It’s March 2012. Dwayne Johnson has just signed on to star in the action thriller Ciudad — based on the eponymous graphic novel from Joe & Anthony Russo, comic book writer Ande Parks, and illustrator Fernando Leon Gonzalez — about a weary mercenary hired by a Brazilian drug lord to rescue his daughter from one of the world’s most dangerous and corrupt cities: Ciudad del Este, Paraguay. Eight years later though, Chris Hemsworth has taken over from Johnson in the lead. Ciudad is now called Extraction — which has also moved from theatres to Netflix in the interim — and it now involves an Indian drug lord who wants his son back from another dangerous and corrupt city: Dhaka, Bangladesh.
That transformation is paralleled in the life of the Extraction makers. In 2012, the Russo brothers didn’t have a single Marvel movie under their belt. Now, they have directed four, including the two biggest of all-time in the mega team-ups Avengers: Endgame and Avengers: Infinity War. Back then, Hemsworth had done Thor but he was yet to appear in his breakthrough, The Avengers. Extraction — on which Hemsworth makes his debut as producer alongside the Russo brothers — is clearly a much easier sell now. Even debutante director Sam Hargrave is a Marvel alum, having worked as a stunt coordinator on multiple entries. And that should tell you what to expect from the new movie.
Extraction delivers plenty of action. Hemsworth gets into a knife fight with Randeep Hooda. He beats gun-toting Bangladeshi to a pulp with his bare hands. And oh, there is a 12-minute long take — well, sort of, more on that later — that finds Hemsworth driving crazily through the streets of Ahmedabad (which stood in for Dhaka), and playing hide-and-seek with the police through apartment complexes on foot, while trying to keep the kid alive. But what Extraction doesn’t have is Bangladeshi actors in any capacity. In fact, most Indian stars, who play both Indians and Bangladeshi, are also just dressing for the movie. It severely underuses everyone except Hemsworth, and that’s a shame.
The Netflix film opens with a half-dead Hemsworth in Dhaka, before jumping back two days to introduce Ovi Mahajan Jr. (newcomer Rudhraksh Jaiswal), the high schooler rich kid of imprisoned drug lord Ovi Mahajan Sr. (Pankaj Tripathi, from Mirzapur) — someone should’ve told writer Joe Russo that this naming convention isn’t a thing in India — who is kidnapped by rival drug lord Amir Asif (Priyanshu Painyuli, from Bhavesh Joshi Superhero). Amir is described as Dhaka’s own Pablo Escobar at one point, to paint an easy picture. But Extraction never bothers to answer why Ovi Jr. is kidnapped. It can’t be ransom since Ovi Sr.’s assets have been seized. What is it? Who knows, because the two drug lords never have a single conversation in Extraction.
Anyway, it falls to the Mahajan family’s right-hand man, army special forces vet Saju Rav (Hooda, from Highway) to rescue Ovi Jr., after he is threatened by his employer that he won’t get to see his own son’s next birthday. Saju hatches a plan that brings in grieving mercenary-for-hire Tyler Rake (Hemsworth) all the way from Australia — can someone give us the timeline of this two-day movie? — who has been drowning himself in liquor and painkillers when not on the clock. He quickly signs on, confirming that he has a death-wish, though he claims to need the money. In Dhaka, Tyler secures the kid in 10 minutes, which is enough to realise that is not going to be a straightforward mission.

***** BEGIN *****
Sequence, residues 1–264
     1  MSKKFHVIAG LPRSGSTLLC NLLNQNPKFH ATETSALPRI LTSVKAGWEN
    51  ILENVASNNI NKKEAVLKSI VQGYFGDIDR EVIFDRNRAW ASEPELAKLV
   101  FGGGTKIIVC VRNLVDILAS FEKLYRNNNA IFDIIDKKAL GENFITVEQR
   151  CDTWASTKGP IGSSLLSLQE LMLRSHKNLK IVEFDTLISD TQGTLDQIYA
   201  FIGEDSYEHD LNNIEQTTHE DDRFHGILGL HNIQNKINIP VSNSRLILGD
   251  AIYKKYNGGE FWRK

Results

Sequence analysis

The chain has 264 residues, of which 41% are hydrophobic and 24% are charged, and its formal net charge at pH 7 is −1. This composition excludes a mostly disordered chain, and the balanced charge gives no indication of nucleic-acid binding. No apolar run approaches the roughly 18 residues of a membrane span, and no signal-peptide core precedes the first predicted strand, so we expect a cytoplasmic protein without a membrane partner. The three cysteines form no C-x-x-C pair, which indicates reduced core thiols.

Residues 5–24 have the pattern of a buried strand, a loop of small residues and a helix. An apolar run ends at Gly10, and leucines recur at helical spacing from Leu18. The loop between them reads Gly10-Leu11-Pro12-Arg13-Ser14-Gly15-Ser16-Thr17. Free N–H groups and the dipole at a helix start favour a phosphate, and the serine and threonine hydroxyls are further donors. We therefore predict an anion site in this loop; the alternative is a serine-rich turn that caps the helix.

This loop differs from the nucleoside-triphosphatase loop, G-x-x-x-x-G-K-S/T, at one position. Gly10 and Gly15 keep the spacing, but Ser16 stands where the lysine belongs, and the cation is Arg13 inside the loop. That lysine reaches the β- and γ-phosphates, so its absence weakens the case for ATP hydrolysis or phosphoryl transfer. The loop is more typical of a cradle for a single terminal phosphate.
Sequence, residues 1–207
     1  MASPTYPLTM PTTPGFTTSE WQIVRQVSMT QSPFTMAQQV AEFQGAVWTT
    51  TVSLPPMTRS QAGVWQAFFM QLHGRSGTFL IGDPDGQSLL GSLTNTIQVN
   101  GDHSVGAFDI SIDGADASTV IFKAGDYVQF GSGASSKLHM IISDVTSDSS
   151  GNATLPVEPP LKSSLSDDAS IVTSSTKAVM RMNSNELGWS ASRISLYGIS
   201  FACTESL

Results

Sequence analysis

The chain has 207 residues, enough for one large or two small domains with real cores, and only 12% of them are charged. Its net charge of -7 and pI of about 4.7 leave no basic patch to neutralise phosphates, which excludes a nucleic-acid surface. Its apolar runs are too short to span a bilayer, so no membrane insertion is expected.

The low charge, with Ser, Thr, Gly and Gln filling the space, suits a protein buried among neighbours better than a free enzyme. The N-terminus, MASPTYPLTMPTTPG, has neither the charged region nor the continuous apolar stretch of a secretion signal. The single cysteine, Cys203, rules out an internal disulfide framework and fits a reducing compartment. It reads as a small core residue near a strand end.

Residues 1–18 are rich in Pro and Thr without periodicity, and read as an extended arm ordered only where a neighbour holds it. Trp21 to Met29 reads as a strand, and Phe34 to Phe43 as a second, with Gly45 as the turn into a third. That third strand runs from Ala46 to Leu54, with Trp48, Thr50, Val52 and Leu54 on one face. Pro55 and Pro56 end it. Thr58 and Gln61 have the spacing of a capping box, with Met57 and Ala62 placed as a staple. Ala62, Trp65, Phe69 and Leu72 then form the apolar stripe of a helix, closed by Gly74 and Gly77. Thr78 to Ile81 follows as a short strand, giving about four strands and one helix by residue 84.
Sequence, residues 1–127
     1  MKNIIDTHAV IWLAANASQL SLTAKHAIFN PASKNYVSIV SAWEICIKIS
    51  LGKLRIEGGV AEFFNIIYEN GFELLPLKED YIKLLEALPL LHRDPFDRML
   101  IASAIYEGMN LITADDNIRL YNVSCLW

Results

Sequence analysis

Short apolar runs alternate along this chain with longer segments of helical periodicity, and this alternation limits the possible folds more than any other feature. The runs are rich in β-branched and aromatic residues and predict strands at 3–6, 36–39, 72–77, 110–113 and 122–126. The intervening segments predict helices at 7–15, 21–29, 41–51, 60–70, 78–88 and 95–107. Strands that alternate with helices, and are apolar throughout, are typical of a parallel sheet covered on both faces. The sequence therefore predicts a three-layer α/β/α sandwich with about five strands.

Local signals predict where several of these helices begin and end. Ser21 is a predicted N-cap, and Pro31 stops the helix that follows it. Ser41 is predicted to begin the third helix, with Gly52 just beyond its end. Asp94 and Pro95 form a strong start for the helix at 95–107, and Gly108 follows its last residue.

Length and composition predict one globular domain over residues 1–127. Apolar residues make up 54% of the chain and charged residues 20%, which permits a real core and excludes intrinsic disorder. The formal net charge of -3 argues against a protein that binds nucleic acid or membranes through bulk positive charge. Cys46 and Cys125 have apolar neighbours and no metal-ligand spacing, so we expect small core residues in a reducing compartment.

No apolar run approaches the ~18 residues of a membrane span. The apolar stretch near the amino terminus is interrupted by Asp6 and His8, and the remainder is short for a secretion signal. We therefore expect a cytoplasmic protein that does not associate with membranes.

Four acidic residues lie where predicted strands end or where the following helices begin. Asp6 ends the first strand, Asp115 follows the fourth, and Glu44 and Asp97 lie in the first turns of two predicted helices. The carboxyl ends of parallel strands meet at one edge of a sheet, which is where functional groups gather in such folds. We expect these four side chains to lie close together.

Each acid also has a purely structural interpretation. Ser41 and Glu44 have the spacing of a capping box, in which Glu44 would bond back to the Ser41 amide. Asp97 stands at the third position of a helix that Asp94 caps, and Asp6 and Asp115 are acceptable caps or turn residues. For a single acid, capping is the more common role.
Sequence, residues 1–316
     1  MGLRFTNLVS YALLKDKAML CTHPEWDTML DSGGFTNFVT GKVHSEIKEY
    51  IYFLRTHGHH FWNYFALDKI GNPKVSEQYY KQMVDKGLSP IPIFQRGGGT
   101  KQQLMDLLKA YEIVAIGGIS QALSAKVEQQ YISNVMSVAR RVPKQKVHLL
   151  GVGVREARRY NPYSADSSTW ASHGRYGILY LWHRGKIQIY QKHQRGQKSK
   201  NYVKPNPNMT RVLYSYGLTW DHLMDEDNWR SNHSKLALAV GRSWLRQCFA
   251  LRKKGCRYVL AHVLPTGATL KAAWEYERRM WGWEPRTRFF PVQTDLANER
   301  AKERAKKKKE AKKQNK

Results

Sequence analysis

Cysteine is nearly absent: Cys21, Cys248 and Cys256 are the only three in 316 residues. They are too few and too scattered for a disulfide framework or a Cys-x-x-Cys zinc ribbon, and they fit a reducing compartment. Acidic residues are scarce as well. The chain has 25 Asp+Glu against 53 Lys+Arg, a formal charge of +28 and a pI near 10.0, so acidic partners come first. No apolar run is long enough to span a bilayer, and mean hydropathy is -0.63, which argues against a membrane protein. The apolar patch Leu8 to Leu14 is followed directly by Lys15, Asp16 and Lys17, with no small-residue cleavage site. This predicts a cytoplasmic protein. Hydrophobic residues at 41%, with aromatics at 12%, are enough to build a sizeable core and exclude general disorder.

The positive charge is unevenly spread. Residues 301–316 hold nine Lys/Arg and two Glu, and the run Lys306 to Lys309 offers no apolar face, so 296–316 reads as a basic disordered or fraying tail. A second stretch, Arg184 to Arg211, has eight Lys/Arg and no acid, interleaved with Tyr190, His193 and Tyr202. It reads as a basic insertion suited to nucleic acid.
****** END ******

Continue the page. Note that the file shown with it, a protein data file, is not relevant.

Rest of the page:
That’s where the action properly begins. With Amir virtually commanding all of Dhaka’s police, Tyler and Ovi Jr. attempt to evade their clutches. The start of the resulting chase — through forests, roads, and indoors — is depicted with a series of long takes digitally stitched to look like one 12-minute sequence. Technically, it’s very impressive, given the destruction and variety on display. It’s also high on thrills, with the shaky cam contributing to that feel. And with the camera stuck close to Hemsworth, it’s clear that the actor is performing most of his own stunts. But at times, it also feels like a video game for how characters interact with their surroundings, only seeing what’s in the frame, or how other characters appear out of nowhere, as and when convenient.
Extraction bridges the many action scenes with quiet moments that not only let the film breathe, but also make room for much needed character development and relationships. It’s hard to care for what’s happening on screen if you don’t feel for the people on screen. Nearly everything on the Netflix film is about fathers and sons, be it with Tyler, Saju, or the two Ovis. But it’s nothing special. And women have little presence here. Golshifteh Farahani (About Elly) is the most high-profile of the lot, but her talents are wasted on Extraction, as is the case with Painyuli, who orders people around and looks through binoculars, or Tripathi, whose role amounts to a cameo. At least David Harbour’s presence — the Stranger Things star plays an old friend of Tyler’s — is worth it just to see him nod his head to Hindi rap. Speaking of, several Bollywood songs play in the background.
But again, that’s just window dressing for Extraction, which further speaks to the surface-level depth of the Netflix movie. Mar that with one-note characters — for those that have characteristics to begin with, as the others might as well be replaced with props — who survive thanks to plot armour, and it makes you wonder how (or if) Extraction would have been any different if it was still in its original form as Ciudad? It’s been through so much churn that the costumes for its nondescript band of Bangladeshi special forces look like the discards for a film set in America. There’s no shortage of gunplay, grenades, and hand-to-hand combat on Extraction — but little else.
Extraction is out April 24 in English, Hindi, Tamil, and Telugu on Netflix.